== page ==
About Reed Morn
Reed Morn (born Frieda Johanna Drewerk, 19. VIII 1898 - 17. X 1978) was an Estonian prose writer who used her works to paint deep psychological portraits of independent, strong and intellectual people, who were mostly women.
Frieda Drewerk was born to a working-class family and was mostly raised by her mother in relatively poor economic conditions. Despite this, Drewerk could attend good schools in Tallinn and studied from 1916-1918 at Lender Private Gymnasium; in 1918, at Russian Gymnasium and graduated from the Tallinn V Gymnasium for Girls in 1919. Drewerk excelled at school and in 1919, entered the University of Tartu where she studied literary history, philosophy and Romanic philology. She graduated university in 1924 with a master’s degree. In 1921, she began publishing articles on literature. From 1924-1926, she worked as a teacher of Estonian language and literature at Paide Gymnasium; in 1929, taught Latin at Tallinn I Gymnasium for Girls and at Kaarli Private Gymnasium from 1929-1932. After that, she remained a freelancer and occasionally gave private lessons as well.
Drewerk spent the years 1932-1933 in Paris on a scholarship from the French Scientific Institute of Tartu. In 1933, she spent three months in Spain and in 1937, she visited Italy. She also published travelogues in various Estonian publications. In 1944, she fled to Germany. She spent ten months interned in the so-called Czech Hell. From 1946-1952, she lived in Germany and in 1950, for a while also in Sweden. In 1952, she emigrated to New York where she worked either odd jobs, as a typist or was unemployed. In 1957, she relocated to Los Angeles where she retired and lived until her death.
Frieda Drewerk spent her life shying away from the public eye and social interactions, she never joined the Estonian Writers’ Union. When communicating, she preferred writing. She never started a family, lived austerely and in her many volumes of letters, expressed readiness to dedicate her life to creation and intellectual pursuits.
In 1927, her debut novel Andekas parasiit ('The Talented Parasite') was published under the pseudonym Reed Morn. The novel won II place at a novel competition (while competing against August Jakobson, Betti Alver and Mart Raud) and was praised by critics. In Estonian literature, the work was novel in a sense that it depicted the development of an educated, intellectual and individualistic woman who is intimidated by the material and practical side of life. 'The Talented Parasite' is modernist in style and the subject-matter fairly autobiographical. The novel has remained Morn’s most well-known work.
In 1929, her second novel Kastreerit elu ('Castrated Life') was released, which depicts a psychologically similar main character as the one from her first novel, only this time a man. The novel is written in the form of a diary by Andreas Orpus who is in jail after having killed an aggressive hotel owner who was beating his wife. 'Castrated Life' is more realistic compared to her debut novel and its content less pessimistic. The novel was not received as well and did not become as popular as 'The Talented Parasite', yet several critics consider it superior to the debut novel.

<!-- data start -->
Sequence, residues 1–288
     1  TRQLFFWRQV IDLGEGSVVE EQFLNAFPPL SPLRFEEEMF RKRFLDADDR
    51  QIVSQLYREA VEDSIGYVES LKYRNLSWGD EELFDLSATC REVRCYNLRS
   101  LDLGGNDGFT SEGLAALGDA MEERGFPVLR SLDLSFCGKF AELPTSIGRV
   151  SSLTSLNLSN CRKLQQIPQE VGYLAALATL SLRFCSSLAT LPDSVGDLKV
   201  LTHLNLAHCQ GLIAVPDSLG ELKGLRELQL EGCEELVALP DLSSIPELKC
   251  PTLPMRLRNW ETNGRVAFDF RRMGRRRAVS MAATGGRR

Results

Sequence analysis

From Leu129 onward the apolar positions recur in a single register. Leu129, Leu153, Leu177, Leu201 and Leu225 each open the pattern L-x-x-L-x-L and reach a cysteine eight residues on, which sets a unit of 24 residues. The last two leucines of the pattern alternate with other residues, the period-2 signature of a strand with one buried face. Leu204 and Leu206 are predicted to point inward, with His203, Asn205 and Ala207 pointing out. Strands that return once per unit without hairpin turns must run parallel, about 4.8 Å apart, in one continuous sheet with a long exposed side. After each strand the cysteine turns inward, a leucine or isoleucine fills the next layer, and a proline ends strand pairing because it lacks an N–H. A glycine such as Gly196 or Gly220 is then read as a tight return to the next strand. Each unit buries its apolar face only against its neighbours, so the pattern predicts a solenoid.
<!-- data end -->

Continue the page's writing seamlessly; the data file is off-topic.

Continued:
In 1929, Morn published in the journal Looming her first short story Prints ('Prince'), the character of which is also similar to the main characters of her two novels. Morn wrote and published stories later as well, before the war mostly at Looming. However, her short story collection Andke keisrile mis keisri ja Jumalale mis Jumala ('Render unto Caesar the things that are Caesar's, and unto God the things that are God's') was published as late as 2009 in the series Eesti novellivara ('Estonian Short Story Collections').
After the war, Reed Morn continued writing for the magazine Mana, yet many of her short stories and even the novel Märgit hing ('Marked Soul') remained unpublished. In 1956, her novel Tee ja tõde (‘Path and Truth’) was released. The first draft of the novel was already ready in 1936 and literary scholar Rutt Hinrikus considers it to be Morn’s most important work. The main character of 'Path and Truth' is similar to the one from Morn’s earlier works, but the style of the novel is more colloquial, attitude more optimistic and the tone accepting of one’s life fate, whatever it may be. The novel expresses concern over modern man having forgotten that he is made in the image of God. When Morn’s pre-war work reflects the author’s self-image as a Christian, then 'Path and Truth' expresses a noticeable interest in Buddhism and Indian philosophy.
Frieda Drewerk was also a translator before the war, translating from Russian, Spanish and French, as a result of which, the novel Sappho by Alphonse Daudet was published. Both before and after the war, she wrote several articles on the great figures in world culture and literature, including also authors who are relatively unknown in Estonian culture such as Miguel de Unamuno or Rubén Dario, a Nicaraguan poet and founder of Spanish-language modernism.
S. V. (Translated by A. S.)
Books in Estonian
Andekas parasiit. Tartu: Loodus, 1927, 281 lk. [2. trükk: Tallinn: Eesti Raamat, 2008, 175 lk.]
Kastreerit elu. Tartu: Loodus, 1929, 227 lk.
Friida Dreverk, Tee ja tõde. Toronto: Orto, 1956, 317 lk. [2. trükk: Tallinn: Eesti Raamat, 2002, 295 lk.]
Andke keisrile mis keisri ja Jumalale mis Jumala. Koostanud Maire Liivamets. Tallinn: Eesti Raamat, 2009, 250 lk. [Sari 'Eesti novellivara'.]
Frieda Drewerk, Jeanne d'Arc: Prantsusmaa rahvuskangelane. Tartu: Eesti Kirjanduse Selts, 1935, 149 lk.